âOh good,' the Queen said as she stepped out into the corridor and found to her delighted astonishment that the small suitcase sported a pair of wheels. âDoes one simply pull it down the stairs?' she asked â but for once, there was no one there to reply.
âGood morning, Your Majesty.' The greeting, not one that would normally be encouraged by the Queen or other members of the royal family, came from a tall, heavy young man in footman's attire. As he stood and bowed, the Queen could be perceived to smile; that this type of encounter was also unexpected was borne out by the jumping into a landing cupboard of a scurrying housemaid, who had come up behind Brno (this was indeed the footman's name: he was from a part of Eastern Europe that no one could ever remember). âAll set, ma'am?' inquired Brno in a slightly louder voice than usual, this to conceal the sneezes of the maid trapped in goose-down pillows at his rear. âTickets, money, passport, ma'am?'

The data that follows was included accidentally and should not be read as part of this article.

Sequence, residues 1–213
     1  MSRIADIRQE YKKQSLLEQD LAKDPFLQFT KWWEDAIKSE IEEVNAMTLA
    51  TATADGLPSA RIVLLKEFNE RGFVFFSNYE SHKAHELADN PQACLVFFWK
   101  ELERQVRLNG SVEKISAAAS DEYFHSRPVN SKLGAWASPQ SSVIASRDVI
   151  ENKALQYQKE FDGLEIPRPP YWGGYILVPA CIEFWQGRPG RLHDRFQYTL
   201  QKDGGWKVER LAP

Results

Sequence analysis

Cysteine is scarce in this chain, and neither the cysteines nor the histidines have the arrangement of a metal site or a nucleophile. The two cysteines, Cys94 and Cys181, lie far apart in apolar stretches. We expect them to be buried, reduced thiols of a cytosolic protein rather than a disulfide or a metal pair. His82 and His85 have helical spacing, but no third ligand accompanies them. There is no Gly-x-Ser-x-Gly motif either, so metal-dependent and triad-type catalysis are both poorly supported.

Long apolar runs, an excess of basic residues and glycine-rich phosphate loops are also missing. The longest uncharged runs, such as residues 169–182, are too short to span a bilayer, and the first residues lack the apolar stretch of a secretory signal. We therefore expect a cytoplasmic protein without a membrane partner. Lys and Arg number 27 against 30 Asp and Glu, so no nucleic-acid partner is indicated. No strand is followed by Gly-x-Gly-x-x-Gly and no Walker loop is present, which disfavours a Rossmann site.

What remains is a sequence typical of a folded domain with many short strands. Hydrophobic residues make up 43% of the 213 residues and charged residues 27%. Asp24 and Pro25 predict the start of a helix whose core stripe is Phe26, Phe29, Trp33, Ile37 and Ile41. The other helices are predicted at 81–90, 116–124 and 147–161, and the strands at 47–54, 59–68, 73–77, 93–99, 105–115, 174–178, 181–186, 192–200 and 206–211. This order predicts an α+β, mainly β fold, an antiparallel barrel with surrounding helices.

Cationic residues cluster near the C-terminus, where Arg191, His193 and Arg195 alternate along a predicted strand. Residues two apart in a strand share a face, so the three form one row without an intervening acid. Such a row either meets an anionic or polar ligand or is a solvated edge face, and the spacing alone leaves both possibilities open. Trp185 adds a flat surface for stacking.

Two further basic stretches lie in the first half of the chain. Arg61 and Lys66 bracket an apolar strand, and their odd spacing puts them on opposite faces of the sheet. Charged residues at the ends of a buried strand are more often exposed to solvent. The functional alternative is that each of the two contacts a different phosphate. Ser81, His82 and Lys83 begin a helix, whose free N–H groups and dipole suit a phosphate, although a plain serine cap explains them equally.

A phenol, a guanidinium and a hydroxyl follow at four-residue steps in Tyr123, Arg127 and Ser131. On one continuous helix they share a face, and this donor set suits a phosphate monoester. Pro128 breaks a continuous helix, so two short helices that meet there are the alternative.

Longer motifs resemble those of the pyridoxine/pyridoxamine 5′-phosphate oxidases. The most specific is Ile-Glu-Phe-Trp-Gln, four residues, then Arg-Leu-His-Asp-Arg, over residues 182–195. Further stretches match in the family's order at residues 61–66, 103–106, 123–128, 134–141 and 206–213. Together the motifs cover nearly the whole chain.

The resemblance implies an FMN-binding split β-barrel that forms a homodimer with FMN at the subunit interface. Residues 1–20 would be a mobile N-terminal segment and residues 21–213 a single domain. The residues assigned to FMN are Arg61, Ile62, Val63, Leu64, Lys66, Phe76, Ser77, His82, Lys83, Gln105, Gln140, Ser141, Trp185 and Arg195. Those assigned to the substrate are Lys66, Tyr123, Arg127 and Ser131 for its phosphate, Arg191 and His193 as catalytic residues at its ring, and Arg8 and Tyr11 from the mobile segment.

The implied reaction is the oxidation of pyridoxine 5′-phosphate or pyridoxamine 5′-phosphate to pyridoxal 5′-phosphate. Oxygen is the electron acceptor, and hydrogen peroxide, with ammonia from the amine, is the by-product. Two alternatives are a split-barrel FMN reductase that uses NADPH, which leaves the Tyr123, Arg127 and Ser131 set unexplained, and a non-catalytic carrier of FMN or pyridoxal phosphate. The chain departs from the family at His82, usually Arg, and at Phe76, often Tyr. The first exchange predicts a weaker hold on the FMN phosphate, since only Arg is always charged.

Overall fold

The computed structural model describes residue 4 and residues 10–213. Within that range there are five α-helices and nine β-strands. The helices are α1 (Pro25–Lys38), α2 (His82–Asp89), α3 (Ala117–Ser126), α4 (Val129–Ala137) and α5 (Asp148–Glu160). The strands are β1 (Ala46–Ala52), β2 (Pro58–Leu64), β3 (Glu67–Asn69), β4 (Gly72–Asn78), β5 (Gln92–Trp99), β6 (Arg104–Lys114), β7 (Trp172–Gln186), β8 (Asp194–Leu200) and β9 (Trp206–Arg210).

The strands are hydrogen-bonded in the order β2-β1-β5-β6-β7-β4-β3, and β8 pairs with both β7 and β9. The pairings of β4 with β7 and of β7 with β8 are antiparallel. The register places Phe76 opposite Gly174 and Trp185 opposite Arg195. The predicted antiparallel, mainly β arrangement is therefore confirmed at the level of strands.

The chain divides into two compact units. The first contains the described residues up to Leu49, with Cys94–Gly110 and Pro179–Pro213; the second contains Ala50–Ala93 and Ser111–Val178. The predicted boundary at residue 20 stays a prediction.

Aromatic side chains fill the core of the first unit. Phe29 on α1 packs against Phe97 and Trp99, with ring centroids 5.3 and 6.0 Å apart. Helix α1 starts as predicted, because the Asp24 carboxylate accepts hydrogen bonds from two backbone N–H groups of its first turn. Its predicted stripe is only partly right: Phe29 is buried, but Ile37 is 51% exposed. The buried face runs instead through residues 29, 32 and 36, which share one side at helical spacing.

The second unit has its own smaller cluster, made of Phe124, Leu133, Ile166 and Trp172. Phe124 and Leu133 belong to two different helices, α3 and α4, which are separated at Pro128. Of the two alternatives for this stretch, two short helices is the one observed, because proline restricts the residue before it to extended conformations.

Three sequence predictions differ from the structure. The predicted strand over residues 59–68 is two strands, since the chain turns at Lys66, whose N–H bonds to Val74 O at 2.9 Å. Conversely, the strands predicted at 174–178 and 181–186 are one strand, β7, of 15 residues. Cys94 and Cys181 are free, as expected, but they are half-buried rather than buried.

Brno had been solely responsible for making possible the Queen's escape from a world in which she no longer believed she had a part to play. Some